Complexity, Cybernetics, and Informing Science: Building a Better Mousetrap
T. Grandon Gill
Our decision-making and task environments are driven by three forms of complexity: complexity as we experience it internally (e.g., difficulty, uncertainty, ambiguity), complexity as it relates to our symbolic representation of tasks and plans (e.g., number of paths, program size), and complexity as a description of the decision environment and its behavior (e.g., ruggedness, turbulence). When experiencing high levels of complexity, we respond by constructing informing systems that better connect us together and offer increasingly rapid access to more information sources. In doing so, however, we inadvertently feed a cybernetic loop that leads to ever-expanding complexity (in all three forms). Left unchecked, this loop has the potential to alter both the way we think and the environments we face in ways that we may not desire.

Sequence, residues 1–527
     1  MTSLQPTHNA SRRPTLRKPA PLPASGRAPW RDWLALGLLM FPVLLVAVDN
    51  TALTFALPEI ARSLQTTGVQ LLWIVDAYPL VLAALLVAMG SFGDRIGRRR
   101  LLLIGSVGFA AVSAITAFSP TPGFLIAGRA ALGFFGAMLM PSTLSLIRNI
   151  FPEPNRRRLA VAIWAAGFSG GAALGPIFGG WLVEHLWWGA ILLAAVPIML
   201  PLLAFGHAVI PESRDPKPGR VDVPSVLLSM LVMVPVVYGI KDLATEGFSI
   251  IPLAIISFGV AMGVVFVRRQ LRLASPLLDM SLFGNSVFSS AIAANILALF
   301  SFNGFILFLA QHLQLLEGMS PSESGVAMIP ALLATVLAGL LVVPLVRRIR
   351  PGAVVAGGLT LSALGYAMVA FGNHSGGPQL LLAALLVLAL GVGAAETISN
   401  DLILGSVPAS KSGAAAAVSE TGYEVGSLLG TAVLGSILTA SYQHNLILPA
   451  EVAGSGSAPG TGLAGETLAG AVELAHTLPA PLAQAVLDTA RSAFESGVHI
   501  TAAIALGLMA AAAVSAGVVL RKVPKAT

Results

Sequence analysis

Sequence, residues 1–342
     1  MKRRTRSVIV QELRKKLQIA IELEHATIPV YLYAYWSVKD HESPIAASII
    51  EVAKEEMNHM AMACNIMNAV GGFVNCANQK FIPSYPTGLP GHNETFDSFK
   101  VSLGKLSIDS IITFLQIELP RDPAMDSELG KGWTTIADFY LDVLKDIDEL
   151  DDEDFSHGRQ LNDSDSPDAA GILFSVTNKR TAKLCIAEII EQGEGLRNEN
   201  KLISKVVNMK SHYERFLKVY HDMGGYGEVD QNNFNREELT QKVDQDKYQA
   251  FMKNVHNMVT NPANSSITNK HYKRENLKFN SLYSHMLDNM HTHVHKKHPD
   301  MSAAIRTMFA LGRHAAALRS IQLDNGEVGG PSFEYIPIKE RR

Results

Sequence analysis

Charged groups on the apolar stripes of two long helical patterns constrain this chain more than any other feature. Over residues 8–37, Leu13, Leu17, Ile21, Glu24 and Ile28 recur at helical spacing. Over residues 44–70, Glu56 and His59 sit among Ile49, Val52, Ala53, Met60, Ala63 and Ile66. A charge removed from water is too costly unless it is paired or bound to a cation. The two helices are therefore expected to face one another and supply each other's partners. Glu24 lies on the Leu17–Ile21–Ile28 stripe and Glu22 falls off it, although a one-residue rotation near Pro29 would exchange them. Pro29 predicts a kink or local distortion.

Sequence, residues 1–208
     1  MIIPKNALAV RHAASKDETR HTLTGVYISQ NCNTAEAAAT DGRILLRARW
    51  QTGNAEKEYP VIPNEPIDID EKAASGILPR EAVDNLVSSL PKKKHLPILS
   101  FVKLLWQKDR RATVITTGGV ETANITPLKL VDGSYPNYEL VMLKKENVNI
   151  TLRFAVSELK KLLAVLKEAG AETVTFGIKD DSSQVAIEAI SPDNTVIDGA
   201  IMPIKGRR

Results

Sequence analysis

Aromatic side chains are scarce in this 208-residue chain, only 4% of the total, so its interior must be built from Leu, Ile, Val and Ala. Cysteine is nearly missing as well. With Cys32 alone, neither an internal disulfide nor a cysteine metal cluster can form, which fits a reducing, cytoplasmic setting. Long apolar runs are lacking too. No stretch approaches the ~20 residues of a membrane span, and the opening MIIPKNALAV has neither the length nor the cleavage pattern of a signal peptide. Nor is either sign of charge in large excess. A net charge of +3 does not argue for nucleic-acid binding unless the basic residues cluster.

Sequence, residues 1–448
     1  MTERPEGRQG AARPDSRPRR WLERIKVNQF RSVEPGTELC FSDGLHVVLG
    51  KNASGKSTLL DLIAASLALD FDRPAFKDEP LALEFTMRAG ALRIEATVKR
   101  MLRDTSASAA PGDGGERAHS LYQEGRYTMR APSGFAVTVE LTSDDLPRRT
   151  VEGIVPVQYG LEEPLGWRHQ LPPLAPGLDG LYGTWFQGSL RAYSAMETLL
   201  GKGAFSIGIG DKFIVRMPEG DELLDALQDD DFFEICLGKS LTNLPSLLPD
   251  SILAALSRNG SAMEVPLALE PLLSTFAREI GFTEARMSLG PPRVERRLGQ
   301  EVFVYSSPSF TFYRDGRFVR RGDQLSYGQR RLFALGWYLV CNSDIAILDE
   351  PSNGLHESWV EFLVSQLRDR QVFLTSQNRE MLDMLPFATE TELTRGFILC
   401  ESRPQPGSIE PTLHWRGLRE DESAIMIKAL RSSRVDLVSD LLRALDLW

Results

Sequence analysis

Building a better mousetrap requires us to rethink both our approach to education and to designing systems. On the education side, we need to spend less time emphasizing specific content and more on building the student’s the ability to react to complexity in ways that do not rely on making the world more complicated. On the design side, systems must increasingly emphasize adaptability as opposed to efficiency.